Chaz Pugliese, MA and Ph.D candidate, is a self-employed trainer, lecturer, presenter and author working out of Paris, France. Previously Director of Teacher Training at Pilgrims, UK, he continues to collaborate with Pilgrims as well as other top Teacher Training institutes in the UK. Chaz has trained hundreds of teachers all over the world, has been a keynote speaker at conferences in as many as 30 countries and has contributed over 60 articles and papers to all major ELT publications. Currently, he holds a column in English Teaching Professional. His first book, Being Creative: the Challenge of Change in the Classroom was published by Delta in 2010. His second book, with Zoltan Dornyei and Jane Arnold, will be out with Helbling in 2014. His research interests are: Motivation and Creativity, Materials Development and Group Processes.

Here is the video interview with Chaz at the IATEFL conference, Harrogate, 2014.

On 15-17 April 2014, the Lithuanian Association of teachers of English as a Foreign Language LAKMA and Vilnius Simonas Daukantas Progymnasium hosted a series of workshops by Chaz Pugliese for English language teachers of Lithuania. The workshops were enjoyed by over 80 participants representing different levels of education. The topics included Creativity and Motivation, Principled Communicative Teaching and Multiple Intelligences Theory.

Chaz kindly agreed to answer a few questions of the workshop participants.

What could we do to motivate our students to learn?

The first thing to remember is that there’s no quick fix, no Harry Potter-ish potion, no algorithm for helping people motivate themselves. I also think that often the way we communciate with our kids can make a big difference. I’ll give you an example of what I consider effective communication which may result in self-determination, and one that may lead to demotivation.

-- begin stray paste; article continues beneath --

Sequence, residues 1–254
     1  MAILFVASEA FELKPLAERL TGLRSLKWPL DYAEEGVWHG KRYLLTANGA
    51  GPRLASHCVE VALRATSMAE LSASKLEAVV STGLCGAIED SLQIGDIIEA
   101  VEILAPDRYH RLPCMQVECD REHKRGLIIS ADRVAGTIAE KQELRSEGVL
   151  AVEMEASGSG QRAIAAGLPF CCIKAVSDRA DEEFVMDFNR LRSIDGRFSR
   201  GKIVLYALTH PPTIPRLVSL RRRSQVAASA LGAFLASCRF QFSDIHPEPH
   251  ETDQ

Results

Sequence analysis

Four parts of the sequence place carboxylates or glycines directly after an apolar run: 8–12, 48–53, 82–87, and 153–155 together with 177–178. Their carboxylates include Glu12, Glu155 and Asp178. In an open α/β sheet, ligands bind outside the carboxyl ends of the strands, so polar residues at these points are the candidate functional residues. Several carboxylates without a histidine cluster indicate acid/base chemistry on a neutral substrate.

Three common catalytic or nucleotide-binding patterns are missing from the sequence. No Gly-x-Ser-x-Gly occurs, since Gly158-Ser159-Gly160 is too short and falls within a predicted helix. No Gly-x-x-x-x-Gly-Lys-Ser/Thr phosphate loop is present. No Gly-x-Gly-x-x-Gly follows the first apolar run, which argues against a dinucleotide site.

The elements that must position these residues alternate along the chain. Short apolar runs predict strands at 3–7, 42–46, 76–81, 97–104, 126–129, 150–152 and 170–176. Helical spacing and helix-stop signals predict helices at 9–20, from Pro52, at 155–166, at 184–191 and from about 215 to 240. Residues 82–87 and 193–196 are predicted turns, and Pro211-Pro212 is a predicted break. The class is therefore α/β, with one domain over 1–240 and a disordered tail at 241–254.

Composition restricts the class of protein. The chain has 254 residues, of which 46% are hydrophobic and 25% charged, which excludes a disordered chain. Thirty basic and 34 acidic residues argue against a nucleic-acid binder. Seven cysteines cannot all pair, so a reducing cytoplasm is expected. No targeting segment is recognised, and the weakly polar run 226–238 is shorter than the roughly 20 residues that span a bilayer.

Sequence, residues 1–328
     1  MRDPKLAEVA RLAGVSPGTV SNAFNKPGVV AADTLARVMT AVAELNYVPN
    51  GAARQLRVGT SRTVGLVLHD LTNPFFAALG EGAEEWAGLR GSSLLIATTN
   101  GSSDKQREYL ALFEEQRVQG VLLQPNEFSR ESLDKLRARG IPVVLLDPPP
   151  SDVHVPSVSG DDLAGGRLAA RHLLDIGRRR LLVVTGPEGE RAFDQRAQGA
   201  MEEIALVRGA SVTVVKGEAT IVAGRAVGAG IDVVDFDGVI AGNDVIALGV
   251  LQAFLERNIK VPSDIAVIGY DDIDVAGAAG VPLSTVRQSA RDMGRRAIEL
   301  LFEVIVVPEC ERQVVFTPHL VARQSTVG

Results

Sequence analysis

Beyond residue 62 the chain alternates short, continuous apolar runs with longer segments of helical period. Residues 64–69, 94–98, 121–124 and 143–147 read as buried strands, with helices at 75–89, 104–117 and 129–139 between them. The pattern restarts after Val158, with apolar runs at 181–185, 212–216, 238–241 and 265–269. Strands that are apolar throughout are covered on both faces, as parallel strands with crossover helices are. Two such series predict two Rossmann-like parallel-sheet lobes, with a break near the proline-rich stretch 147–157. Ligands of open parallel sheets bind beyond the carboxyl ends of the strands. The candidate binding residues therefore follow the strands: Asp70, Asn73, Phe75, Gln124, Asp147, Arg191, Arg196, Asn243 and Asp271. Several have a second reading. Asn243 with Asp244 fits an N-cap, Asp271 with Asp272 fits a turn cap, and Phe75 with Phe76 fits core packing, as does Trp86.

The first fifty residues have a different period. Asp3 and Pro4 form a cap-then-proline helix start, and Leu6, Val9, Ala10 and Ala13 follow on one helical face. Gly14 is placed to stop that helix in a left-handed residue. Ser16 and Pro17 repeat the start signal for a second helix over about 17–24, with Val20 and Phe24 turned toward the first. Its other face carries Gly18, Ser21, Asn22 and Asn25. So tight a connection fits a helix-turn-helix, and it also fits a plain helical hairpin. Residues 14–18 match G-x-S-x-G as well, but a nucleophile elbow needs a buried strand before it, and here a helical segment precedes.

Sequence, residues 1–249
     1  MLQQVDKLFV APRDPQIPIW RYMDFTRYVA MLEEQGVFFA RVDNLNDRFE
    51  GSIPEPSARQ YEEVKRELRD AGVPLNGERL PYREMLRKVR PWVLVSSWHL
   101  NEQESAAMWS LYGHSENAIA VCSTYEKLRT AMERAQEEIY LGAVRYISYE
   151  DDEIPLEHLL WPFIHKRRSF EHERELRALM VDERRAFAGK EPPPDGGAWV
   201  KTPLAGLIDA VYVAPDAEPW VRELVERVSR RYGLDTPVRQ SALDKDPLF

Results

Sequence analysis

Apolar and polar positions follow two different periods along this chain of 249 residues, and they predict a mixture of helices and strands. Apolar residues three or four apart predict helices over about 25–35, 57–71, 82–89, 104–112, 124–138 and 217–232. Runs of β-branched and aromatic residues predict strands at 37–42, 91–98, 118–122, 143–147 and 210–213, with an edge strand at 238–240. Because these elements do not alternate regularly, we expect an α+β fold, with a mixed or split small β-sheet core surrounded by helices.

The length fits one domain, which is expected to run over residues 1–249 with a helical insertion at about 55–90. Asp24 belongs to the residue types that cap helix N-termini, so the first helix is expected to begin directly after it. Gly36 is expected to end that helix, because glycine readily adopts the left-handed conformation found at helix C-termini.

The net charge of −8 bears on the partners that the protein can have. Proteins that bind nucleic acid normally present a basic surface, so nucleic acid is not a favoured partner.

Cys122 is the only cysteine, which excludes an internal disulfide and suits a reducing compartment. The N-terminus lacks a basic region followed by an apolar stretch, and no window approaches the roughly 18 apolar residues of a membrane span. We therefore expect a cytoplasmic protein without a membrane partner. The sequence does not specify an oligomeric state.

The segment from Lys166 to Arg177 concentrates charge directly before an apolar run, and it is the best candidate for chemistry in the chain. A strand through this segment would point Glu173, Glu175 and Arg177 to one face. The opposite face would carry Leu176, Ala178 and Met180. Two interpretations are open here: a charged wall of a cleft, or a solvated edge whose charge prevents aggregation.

If a teacher (or a parent, for that matter) says: Well done. But you’re still behind (compared to the rest of the class), this may look harmless prima facie, but it isn’t, really. What the teacher is doing is encouraging social comparisons, and what the kid understands is ‘I need to do better or I won’t be like the others in the group’. So, the motivation, if any, coming from all that, is not so much to learn, but to conform and be like the others. Again, it’s external motivation, not conducive to self-determination which is what we’re interested in developing.

Now consider this other example:  Well done: you must’ve worked hard to achieve this, and your English is better than it was last month. Now, this is much better,  and for a couple of reasons. A) The teacher is praising the student for the effort made, rather than for the end result, so the student understands that hard work is rewarded. B) The comparison is with his/her own work, rather than his/her peers, and in so doing the teacher is encouraging the student to activate a more positive vision of  him/herself.

What do you think of the view that the best way to motivate children to learn is to use ICT?

ICT, or not. I think we have a propensity for dichotomies in our profession… At the end of the day, I really don’t think it’s this or that tool, but rather, what the teacher does with it. And I believe that if  ICT is not used with suffcient imagination and pedagogical wisdom may lead to demotivation, even if kids are well versed with modern technology. Kids are not a bunch of idiots and  they can tell when a teacher has spent time to think things through or  when s/he’s using ICT because the kids think  it’s cool. I’ve had students begging me not to use slides, or the internet, for example. It’s not this or that tool; but it’s how a teacher juggles everything to provide the students with plenty of variety. So, using ICT because it’s fashionable, because the kids are familiar with tablets etc,  all this is not bound to trigger motivation if it’s not supported by solid pedagogical ideas, and, again, variety.